Pittsylvania Co., - Farm-use tags are important to farmers, but officials in Pittsylvania County say they also make it possible for folks to skirt around the law.
Soon, you may find yourself in trouble for having one of the tags on your truck if you aren't supposed to.
Joe Motley owns at least seven trucks with farm-use tags. He needs them for his sprawling dairy farm in Chatham."It has a great use. It's just real important not to have to pay that licensing fee and inspection fee and all that, " Motley said.
The trucks are mostly commercial hand-me downs that he uses for working on the farm - after all, that's the whole purpose of having the tags - but lately, others have been abusing the system.
Board of Supervisors Chairman Marshall Ecker says folks outside the farming community are putting the tags on their trucks to avoid vehicle taxes - potentially costing the county a lot of money.
"You can see farm-use tags on a lot of vehicles that are traveling the highway and you have to wonder, are they really for farm use?", he says, and he also believes the ambiguous plates can be dangerous.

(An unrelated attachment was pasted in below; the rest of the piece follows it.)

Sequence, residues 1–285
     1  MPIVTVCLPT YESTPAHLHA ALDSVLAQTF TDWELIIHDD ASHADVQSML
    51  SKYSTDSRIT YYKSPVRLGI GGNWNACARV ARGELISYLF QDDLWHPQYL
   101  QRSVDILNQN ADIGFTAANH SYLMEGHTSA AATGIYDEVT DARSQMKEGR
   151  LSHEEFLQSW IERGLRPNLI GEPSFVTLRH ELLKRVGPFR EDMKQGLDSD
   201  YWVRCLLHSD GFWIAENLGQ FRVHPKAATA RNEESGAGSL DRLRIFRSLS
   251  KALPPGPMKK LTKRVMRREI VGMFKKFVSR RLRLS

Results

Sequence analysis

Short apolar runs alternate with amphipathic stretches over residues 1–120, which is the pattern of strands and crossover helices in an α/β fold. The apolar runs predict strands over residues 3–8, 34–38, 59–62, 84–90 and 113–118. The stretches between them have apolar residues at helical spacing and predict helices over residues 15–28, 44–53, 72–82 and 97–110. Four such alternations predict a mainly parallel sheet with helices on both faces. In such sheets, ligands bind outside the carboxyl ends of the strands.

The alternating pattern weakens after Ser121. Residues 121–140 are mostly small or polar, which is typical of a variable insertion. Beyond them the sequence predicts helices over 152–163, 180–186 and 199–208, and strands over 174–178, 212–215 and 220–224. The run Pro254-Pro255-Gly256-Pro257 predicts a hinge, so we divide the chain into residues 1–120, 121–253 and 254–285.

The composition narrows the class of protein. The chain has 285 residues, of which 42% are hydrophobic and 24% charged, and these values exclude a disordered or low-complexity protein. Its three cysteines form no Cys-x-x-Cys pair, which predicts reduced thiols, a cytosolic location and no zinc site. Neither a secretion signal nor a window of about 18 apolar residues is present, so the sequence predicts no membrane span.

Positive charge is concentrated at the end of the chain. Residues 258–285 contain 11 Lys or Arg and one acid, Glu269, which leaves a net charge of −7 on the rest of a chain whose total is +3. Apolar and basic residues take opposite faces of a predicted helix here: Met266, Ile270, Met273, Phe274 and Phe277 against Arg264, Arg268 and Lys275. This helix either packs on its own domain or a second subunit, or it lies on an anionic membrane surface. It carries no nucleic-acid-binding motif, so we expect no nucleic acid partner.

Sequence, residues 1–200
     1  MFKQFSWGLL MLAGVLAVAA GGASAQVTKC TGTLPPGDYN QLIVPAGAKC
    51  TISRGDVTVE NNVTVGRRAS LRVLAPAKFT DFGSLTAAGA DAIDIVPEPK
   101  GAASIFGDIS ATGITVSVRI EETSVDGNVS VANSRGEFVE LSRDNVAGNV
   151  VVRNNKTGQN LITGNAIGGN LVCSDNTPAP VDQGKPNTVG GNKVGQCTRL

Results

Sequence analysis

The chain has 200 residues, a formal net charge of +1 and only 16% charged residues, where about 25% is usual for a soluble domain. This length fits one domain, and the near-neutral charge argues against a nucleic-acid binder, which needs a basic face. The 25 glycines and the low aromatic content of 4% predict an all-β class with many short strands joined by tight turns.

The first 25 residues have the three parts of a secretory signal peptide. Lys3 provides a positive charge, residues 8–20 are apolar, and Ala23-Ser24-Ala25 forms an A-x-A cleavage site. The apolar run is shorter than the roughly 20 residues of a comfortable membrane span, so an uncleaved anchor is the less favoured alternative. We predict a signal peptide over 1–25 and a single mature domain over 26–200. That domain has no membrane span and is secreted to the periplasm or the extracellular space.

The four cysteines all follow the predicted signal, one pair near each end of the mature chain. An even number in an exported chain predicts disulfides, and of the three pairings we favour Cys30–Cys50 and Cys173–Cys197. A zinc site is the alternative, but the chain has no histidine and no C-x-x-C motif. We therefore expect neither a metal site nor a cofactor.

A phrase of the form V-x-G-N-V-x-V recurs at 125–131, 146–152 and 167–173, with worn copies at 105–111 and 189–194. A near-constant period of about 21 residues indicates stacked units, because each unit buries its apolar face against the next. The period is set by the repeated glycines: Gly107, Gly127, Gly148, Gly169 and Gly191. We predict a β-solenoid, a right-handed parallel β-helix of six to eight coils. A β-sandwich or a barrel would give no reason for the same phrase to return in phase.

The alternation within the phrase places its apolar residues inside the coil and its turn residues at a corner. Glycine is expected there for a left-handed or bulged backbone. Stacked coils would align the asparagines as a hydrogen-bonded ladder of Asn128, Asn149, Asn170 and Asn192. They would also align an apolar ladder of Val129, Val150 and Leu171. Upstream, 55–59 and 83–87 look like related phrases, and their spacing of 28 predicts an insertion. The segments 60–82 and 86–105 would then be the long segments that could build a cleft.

"Suppose that vehicle was involved in an accident and didn't stop. I'll report it to the police, 'Well it had a farm-use tag on it'....well, gee whiz. That's a big help, " he said.
Ecker wants policymakers in Richmond to create a new law - one that would require farm trucks to be registered with the DMV and display a distinguishable tag like some already in use.
Motley says, as a farmer, he thinks cracking down on abuse is the right thing to do.
"If people are using it improperly, I mean, that's tax revenue that they could be collecting that's better for all of us as citizens, so I have no problem with it, " said Motley.
The General Assembly already put a stop to farm-use tags being put on cars back in 2010. Ecker hopes to have a resolution written on this issue and ready to send by fall.